All good things must come to an end, and The Man from Laramie was the final Western to be directed by Anthony Mann that starred James Stewart. They would make one more film together, the military flagwaver Strategic Air Command, but when set to team up once again on a Western it was Night Passage, which Mann felt was substandard and led to them falling out. Though Stewart asked his old collaborator to allow him to star in Man of the West, Mann had burned his bridges and refused, so Gary Cooper starred instead, and a what might have been question was left unanswered for good. Nevertheless, we had the five Westerns they did complete, and the debate goes on as to which was best.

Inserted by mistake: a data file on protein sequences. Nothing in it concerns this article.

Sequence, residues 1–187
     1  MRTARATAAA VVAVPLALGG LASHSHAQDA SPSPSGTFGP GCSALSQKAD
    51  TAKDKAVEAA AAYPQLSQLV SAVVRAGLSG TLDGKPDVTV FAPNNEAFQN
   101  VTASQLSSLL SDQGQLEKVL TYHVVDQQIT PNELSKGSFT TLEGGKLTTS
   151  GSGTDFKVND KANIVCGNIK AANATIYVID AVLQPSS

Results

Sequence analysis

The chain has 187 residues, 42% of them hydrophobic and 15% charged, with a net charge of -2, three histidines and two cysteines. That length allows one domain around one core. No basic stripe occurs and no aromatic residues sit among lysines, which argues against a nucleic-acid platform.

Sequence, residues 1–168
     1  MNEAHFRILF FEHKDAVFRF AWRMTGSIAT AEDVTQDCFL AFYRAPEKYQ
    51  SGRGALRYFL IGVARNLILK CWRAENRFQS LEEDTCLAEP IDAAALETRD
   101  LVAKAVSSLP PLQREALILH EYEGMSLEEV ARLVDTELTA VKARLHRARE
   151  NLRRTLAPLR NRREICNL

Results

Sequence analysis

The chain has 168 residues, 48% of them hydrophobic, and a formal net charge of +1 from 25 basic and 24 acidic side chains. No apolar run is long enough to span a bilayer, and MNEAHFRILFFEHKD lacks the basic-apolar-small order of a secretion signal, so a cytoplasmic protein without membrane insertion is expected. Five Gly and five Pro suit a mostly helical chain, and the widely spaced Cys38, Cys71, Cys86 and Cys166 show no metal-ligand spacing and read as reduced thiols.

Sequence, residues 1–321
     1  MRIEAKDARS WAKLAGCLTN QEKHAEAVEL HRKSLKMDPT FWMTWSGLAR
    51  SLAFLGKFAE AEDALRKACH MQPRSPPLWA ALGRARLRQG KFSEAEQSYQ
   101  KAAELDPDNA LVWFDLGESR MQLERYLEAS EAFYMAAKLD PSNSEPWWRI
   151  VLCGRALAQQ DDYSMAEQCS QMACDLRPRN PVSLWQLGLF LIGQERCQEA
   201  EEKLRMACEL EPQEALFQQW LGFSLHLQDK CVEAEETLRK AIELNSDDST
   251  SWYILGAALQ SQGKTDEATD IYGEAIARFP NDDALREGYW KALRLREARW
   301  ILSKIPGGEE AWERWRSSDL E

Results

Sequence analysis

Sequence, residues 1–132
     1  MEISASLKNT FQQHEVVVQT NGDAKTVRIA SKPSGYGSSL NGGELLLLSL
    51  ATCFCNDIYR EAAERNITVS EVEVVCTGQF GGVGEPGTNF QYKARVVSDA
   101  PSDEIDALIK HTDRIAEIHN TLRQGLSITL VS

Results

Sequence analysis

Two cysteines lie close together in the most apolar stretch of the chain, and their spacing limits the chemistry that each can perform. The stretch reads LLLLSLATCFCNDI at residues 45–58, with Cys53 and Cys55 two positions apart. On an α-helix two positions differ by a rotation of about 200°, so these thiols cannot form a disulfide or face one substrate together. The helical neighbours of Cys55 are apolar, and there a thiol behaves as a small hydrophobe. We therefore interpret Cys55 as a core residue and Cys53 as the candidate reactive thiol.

At least most can agree that the two men never made a bad Western together, each deploying Mann's interest in the psychological aspects of morality, what drove people to compromise themselves and go after revenge or sadism or alternatively stand up for what was decent and take the high ground. As often, Stewart was playing a man with vengeance in his thoughts which was consuming him, but here things were a little different in that he didn't have some dark secret in his past he was making up for, and suffered no doubts that he was in the right, as the film did not either. The dilemma was rather whether he would go through with doling out the justice he righteously believed was his to administer.